Property As A Management Institution, Lynda L. Butler

Faculty Publications

No abstract provided.


The Return Of The Unprovided-For Case, Michael S. Green Apr 2017

The Return Of The Unprovided-For Case, Michael S. Green

Faculty Publications

No abstract provided.


The Vanishing Common Law Judge, Neal Devins, David Klein Feb 2017

The Vanishing Common Law Judge, Neal Devins, David Klein

Faculty Publications

The common law style of judging appears to be on its way out. Trial courts rarely shape legal policymaking by asserting decisional autonomy through distinguishing, limiting, or criticizing higher court precedent. In an earlier study, we demonstrated the reluctance of lower court judges to assert decisional autonomy by invoking the holding–dicta dichotomy. In this Article, we make use of original empirical research to study the level of deference U.S. district court judges exhibit toward higher courts and whether the level of deference has changed over time. Our analysis of citation behavior over an eighty-year period reveals a dramatic ...


An All-Volunteer Force: Law Students And Pro Bono Lawyers Helping Veterans, Patricia E. Roberts Dec 2016

An All-Volunteer Force: Law Students And Pro Bono Lawyers Helping Veterans, Patricia E. Roberts

Faculty Publications

No abstract provided.


Ptsd, Tbi, And Oth Discharges: A Case Study Of A Young Service Member, Patricia E. Roberts Oct 2016

Ptsd, Tbi, And Oth Discharges: A Case Study Of A Young Service Member, Patricia E. Roberts

Faculty Publications

No abstract provided.


Information-Dissemination Law: The Regulation Of How Market-Moving Information Is Revealed, Kevin S. Haeberle, M. Todd Henderson Sep 2016

Information-Dissemination Law: The Regulation Of How Market-Moving Information Is Revealed, Kevin S. Haeberle, M. Todd Henderson

Faculty Publications

No abstract provided.


Biology, Genetics, Nurture, And The Law: The Expansion Of The Legal Definition Of Family To Include Three Or More Legal Parents, Myrisha S. Lewis Apr 2016

Biology, Genetics, Nurture, And The Law: The Expansion Of The Legal Definition Of Family To Include Three Or More Legal Parents, Myrisha S. Lewis

Faculty Publications

No abstract provided.


God’S Uses Of The Law And The Effort To Establish A Constitutional Right To The Means To Live, Marie A. Failinger, Patrick R. Keifert Jan 2016

God’S Uses Of The Law And The Effort To Establish A Constitutional Right To The Means To Live, Marie A. Failinger, Patrick R. Keifert

Faculty Publications

No abstract provided.


Post 9/11 Veterans: Welcoming Them Home As Colleagues And Clients, Patricia E. Roberts Jul 2015

Post 9/11 Veterans: Welcoming Them Home As Colleagues And Clients, Patricia E. Roberts

Faculty Publications

No abstract provided.


Fifty States, Fifty Attorneys General, And Fifty Approaches To The Duty To Defend, Neal Devins, Saikrishna B. Prakash Apr 2015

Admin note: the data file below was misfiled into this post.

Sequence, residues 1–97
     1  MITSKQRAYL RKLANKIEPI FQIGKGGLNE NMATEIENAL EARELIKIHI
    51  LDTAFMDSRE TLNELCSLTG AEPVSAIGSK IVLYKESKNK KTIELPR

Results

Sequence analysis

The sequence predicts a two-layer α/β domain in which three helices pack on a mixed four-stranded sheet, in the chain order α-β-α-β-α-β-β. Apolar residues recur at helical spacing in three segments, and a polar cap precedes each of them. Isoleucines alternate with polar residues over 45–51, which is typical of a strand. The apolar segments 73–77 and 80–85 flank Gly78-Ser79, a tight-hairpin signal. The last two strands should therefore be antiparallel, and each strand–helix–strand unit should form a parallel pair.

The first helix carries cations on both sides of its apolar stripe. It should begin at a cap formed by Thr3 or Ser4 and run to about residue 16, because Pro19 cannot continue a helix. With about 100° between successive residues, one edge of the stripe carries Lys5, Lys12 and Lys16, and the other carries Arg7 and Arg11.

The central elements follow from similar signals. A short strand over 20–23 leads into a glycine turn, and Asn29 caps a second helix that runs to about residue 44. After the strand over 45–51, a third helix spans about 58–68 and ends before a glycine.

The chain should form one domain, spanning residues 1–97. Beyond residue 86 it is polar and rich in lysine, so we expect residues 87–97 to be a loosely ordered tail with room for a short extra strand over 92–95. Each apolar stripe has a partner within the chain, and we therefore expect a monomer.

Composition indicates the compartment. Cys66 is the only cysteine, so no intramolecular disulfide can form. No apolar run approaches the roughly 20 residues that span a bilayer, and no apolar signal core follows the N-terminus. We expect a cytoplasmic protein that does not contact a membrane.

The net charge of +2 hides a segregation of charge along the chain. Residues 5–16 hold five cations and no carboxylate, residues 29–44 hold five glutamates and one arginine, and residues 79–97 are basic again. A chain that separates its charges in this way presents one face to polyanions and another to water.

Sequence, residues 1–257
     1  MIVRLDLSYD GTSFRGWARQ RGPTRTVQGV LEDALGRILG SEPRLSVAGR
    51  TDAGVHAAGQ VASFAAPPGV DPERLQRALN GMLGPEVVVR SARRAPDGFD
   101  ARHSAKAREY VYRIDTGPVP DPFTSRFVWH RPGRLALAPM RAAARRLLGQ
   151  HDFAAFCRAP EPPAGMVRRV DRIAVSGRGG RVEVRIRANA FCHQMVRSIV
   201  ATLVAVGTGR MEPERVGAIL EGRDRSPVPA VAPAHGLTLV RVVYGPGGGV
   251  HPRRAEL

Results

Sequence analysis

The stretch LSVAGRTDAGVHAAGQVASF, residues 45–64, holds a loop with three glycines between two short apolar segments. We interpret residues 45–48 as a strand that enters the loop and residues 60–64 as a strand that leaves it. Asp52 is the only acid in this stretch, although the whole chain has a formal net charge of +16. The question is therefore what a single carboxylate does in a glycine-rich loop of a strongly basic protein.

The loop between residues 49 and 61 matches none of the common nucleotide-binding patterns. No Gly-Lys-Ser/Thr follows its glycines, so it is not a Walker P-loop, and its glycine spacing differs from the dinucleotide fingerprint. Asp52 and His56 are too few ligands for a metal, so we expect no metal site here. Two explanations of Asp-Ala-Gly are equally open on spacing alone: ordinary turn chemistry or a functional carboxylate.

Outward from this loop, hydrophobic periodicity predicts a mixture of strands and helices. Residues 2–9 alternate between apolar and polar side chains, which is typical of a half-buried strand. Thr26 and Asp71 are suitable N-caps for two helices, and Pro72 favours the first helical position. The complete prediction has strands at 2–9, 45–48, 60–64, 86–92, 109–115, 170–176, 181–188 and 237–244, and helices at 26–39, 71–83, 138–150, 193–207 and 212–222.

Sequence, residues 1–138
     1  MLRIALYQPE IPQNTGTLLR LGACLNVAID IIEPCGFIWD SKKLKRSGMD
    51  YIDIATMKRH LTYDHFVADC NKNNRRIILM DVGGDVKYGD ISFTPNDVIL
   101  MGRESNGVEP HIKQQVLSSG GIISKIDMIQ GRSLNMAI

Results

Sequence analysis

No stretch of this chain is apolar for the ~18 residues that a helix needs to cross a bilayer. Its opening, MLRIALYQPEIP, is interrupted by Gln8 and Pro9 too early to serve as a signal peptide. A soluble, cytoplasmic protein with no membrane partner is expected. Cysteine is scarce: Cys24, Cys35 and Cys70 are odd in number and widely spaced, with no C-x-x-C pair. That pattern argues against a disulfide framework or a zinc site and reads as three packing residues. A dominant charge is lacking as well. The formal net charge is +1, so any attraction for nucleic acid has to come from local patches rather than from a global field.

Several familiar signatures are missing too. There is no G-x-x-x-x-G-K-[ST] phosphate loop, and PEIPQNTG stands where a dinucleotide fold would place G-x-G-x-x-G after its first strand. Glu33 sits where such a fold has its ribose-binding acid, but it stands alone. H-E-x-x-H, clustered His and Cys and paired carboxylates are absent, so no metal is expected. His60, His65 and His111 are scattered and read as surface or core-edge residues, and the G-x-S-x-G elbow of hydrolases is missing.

Fifty States, Fifty Attorneys General, And Fifty Approaches To The Duty To Defend, Neal Devins, Saikrishna B. Prakash

Faculty Publications

Whether a state attorney general has a duty to defend the validity of state law is a complicated question, one that cannot be decided by reference either to the oath state officers must take to support the federal Constitution or the supremacy of federal law. Instead, whether a state attorney general must defend state law turns on her own state’s laws. Each state has its own constitution, statutes, bar rules, and traditions, and not surprisingly, the duties of attorneys general vary across the states. To simplify somewhat, we believe that there are three types of duties. One set of ...


The Pond Betwixt: Differences In The U.S.-Eu Data Protection/Safe Harbor Negotiation, Richard J. Peltz-Steele Jan 2015

The Pond Betwixt: Differences In The U.S.-Eu Data Protection/Safe Harbor Negotiation, Richard J. Peltz-Steele

Faculty Publications

This article analyzes the differing perspectives that animate US and EU conceptions of privacy in the context of data protection. It begins by briefly reviewing the two continental approaches to data protection and then explains how the two approaches arise in a context of disparate cultural traditions with respect to the role of law in society. In light of those disparities, Underpinning contemporary data protection regulation is the normative value that both US and EU societies place on personal privacy. Both cultures attribute modern privacy to the famous Warren-Brandeis article in 1890, outlining a "right to be let alone." But ...


Stock-Market Law And The Accuracy Of Public Companies’ Stock Prices, Kevin S. Haeberle Jan 2015

Stock-Market Law And The Accuracy Of Public Companies’ Stock Prices, Kevin S. Haeberle

Faculty Publications

The social benefits of more accurate stock prices—that is, stock-market prices that more accurately reflect the future cash flows that companies are likely to produce—are well established. But it is also thought that market forces alone will lead to only a sub-optimal level of stock-price accuracy—a level that fails to obtain the maximum net social benefits, or wealth, that would result from a higher level. One of the principal aims of federal securities law has therefore been to increase the extent to which the stock prices of the most important companies in our economy (public companies) contain ...


A Jurisprudential Divide In U.S. V. Wong & U.S. V. June, Richard J. Peltz-Steele Jan 2015

A Jurisprudential Divide In U.S. V. Wong & U.S. V. June, Richard J. Peltz-Steele

Faculty Publications

In spring 2015, the U.S. Supreme Court decided two consolidated cases construing the Federal Tort Claims Act, U.S. v. Kwai Fun Wong and U.S. v June, Conservator. The Court majority, 5-4, per Justice Kagan, ruled in favor of the claimants and against the Government in both cases. On the face of the majority opinions, Wong and June come off as straightforward matters of statutory construction. But under the surface, the cases gave the Court a chance to wrestle with fundamental questions of statutory interpretation. The divide in Wong and June concerns the role of the courts vis-à-vis ...